Jan Harold Brunvand, professor emeritus of folklore at the University of Utah, believes the chupacabra as any kind of credible animal has finally bitten the dust.
"Radford drives a metaphorical stake into the heart of the beast. ... His conclusions -- clearly and even humorously reported -- provide the definitive word on this 21st century beast," Brunvand said.
Todd Disotell, a professor of anthropology at New York University, sequenced DNA of three purported chupacabras. Disotell also agrees with Radford’s findings, saying he is "impressed at the depth" to which the author delved into the backstory behind the beast.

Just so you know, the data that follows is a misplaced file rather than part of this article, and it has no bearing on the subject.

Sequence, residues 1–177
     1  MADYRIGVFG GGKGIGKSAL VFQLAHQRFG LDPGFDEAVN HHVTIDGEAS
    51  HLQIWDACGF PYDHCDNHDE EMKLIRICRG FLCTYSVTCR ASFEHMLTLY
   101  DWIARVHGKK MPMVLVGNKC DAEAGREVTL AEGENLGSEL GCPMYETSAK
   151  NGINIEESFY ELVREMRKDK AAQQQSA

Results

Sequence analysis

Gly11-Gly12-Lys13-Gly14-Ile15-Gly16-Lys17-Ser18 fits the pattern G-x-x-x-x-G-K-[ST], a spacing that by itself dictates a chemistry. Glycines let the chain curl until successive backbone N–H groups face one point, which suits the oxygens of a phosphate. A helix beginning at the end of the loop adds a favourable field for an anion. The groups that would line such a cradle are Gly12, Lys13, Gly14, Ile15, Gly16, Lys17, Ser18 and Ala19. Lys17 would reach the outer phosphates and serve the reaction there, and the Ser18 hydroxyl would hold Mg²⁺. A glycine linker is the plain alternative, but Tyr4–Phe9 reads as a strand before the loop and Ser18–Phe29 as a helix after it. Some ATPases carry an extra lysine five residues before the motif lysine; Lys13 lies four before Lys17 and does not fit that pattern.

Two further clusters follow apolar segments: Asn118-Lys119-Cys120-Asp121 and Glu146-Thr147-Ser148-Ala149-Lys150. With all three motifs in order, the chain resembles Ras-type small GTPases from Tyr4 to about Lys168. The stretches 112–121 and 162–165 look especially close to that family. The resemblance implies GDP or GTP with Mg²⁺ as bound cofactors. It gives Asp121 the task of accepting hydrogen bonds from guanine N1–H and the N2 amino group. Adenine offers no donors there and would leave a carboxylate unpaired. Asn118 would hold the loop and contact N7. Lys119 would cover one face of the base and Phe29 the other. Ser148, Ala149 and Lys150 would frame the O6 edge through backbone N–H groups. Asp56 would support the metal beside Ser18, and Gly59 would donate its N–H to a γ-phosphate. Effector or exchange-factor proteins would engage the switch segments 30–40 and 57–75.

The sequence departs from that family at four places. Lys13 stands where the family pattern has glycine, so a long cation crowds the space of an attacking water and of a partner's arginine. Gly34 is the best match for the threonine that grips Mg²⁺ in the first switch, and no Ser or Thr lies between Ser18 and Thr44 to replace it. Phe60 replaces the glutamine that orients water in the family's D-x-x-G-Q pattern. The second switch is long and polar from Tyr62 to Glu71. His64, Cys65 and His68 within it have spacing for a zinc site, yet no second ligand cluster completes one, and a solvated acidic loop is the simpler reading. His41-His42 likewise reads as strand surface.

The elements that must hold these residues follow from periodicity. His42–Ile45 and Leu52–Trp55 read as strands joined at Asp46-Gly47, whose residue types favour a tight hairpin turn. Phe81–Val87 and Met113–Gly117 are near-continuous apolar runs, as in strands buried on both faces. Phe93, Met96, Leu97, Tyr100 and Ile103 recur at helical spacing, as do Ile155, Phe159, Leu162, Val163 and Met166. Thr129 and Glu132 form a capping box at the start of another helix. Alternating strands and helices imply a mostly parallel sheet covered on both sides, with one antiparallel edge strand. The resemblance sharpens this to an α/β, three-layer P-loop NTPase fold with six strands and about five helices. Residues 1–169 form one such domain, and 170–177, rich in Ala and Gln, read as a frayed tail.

Kenneth Feder, a professor of archaeology at Central Connecticut University, provided these last words on the subject: "As a result of Radford’s riveting work on the chupacabra, the sad critter is now relegated to wandering the halls of cryptozoological fantasy worlds, occasionally encountering Nessie, Champ, Bigfoot and other mythical beasts that go bump in the imaginary night."
Benjamin Radford contributes to Discovery News.